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Sessions | Moviemaking Concepts: Pre-Production – The Script

Sessions | Moviemaking Concepts: Pre-Production – The Script

Nina

August 2nd, 2018

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I guarantee you that if you ask a bunch of people what they each think the most important part of making a film is, each person will give you a different answer. In my personal opinion, I’d say it’s the script.

The script is the foundation. It’s the story, it’s the characters, it’s the dialogue, it’s the places and props, the mood and the message. All of the particulars can be changed and tweaked over the course of the film being made (and it usually is, sometimes to a degree that it’s a completely different movie), but the script is the starting key to understanding what the film actually needs to get made.

The Story and Characters
At its most fundamental, the script is the original keeper of the story and its characters. It contains the beginning, the middle and the end, and tells us everything that we need to know about the people throughout.

It’s true that you can make a great movie from a bad script, but that’s a rare occurrence. Really, you should strive to have the most solid script possible from a story and character perspective before investing any time and money into a film.

Conversely, the opposite is also true – if you don’t understand the mechanics of a script or completely lose the story, you could have the best script in the world and come out with a terrible film.

The Format
If you’ve ever actually looked a script, you’ll notice that it’s formatted in a very specific way. Each new scene is denoted by what’s called a scene header, which tells us right off the bat some pretty important location and timing information, like if it’s an interior or an exterior scene or what time of day it is. At first this information may seem irrelevant, but it’s important for two reasons.

Firstly (…always firstly), the story. Say for example, if a spy is following someone in broad daylight, he or she would likely approach the situation differently than in the dead of night. Secondly, it helps give us a bigger picture of time in that we can understand what kind of timespan the entire movie is taking place over – a day? A week? A year? This all matters to… you guessed it, the story.

Reading on, there’s usually a physical description of the scene – important objects to our understanding the character or the story are highlighted, and characters are described in enough detail for the reader to be able to paint a visual picture as it’s read.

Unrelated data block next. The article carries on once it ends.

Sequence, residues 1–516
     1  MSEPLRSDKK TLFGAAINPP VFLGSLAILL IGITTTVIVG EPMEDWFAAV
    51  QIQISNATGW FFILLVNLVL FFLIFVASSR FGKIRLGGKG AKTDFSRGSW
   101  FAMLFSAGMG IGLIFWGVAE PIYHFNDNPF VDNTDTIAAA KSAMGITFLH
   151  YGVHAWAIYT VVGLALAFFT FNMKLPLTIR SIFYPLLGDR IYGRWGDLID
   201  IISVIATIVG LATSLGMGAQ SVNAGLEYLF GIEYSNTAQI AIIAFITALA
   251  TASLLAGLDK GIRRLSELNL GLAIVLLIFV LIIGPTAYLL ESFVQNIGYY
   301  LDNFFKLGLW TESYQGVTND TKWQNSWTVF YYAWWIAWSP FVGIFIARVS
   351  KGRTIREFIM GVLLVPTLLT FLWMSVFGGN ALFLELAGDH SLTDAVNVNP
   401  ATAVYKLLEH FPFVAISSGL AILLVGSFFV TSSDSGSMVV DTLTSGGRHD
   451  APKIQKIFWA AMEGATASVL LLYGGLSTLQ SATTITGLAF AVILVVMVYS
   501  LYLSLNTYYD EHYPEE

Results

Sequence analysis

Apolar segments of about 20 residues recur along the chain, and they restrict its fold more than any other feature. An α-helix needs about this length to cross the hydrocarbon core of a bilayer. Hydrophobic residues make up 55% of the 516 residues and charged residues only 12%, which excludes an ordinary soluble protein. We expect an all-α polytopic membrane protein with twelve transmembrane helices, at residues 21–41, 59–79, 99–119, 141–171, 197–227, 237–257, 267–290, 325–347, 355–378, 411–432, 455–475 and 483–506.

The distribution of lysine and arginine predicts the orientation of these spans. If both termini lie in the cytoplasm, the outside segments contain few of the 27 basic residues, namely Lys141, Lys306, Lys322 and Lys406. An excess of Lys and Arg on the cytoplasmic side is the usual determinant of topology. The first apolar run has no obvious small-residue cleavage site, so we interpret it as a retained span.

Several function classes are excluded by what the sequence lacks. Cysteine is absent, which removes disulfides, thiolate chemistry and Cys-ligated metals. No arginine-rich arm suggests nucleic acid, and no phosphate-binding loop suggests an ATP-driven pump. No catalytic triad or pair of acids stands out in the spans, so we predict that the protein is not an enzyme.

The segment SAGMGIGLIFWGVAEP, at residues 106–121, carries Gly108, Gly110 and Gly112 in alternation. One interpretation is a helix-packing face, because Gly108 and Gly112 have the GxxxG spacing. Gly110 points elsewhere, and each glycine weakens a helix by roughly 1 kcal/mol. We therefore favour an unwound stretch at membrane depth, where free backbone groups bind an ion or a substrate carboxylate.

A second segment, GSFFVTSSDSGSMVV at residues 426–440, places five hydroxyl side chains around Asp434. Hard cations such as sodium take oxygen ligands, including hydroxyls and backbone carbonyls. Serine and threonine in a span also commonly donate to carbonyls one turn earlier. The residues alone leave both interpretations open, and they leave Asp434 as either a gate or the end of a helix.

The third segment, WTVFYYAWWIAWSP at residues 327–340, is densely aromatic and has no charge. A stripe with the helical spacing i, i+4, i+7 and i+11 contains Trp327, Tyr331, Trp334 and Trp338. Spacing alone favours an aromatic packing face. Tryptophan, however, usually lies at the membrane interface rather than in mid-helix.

Dialogue is separated to show who’s talking and is squeezed into a smaller column down the center of the page, allowing for easy identification. Once in a while you’ll see a performance direction in there too, but this is generally frowned upon in a written script.

General Good Practices
In fact, there are a lot of things that good scripts *don’t* do which a lot of novice scriptwriters end up doing. Writing things like specific performance or camera directions not only bloat the script and make it difficult to read, but presumptuously take the control out of the hands of all the key creatives who are actually making the film. A good writer will trust that the director will translate the script to a visual medium in the best way possible, and will focus on telling the story.

Another thing that a lot of novice scriptwriters will do is rely too much on dialogue to tell the story – remember, film is a visual medium. Show, don’t tell, the story. There’s nothing more boring to watch than people talking about doing stuff without actually doing anything. That goes for real life, too!

Once the script is in a happy place (or close to it, at least), it’s ready to be turned into a film! But there’s still a lot of prep to be done before it’s ready to actually be shot. Next time we’ll talk about how the script is broken down and translated into the practical terms of actually making it.

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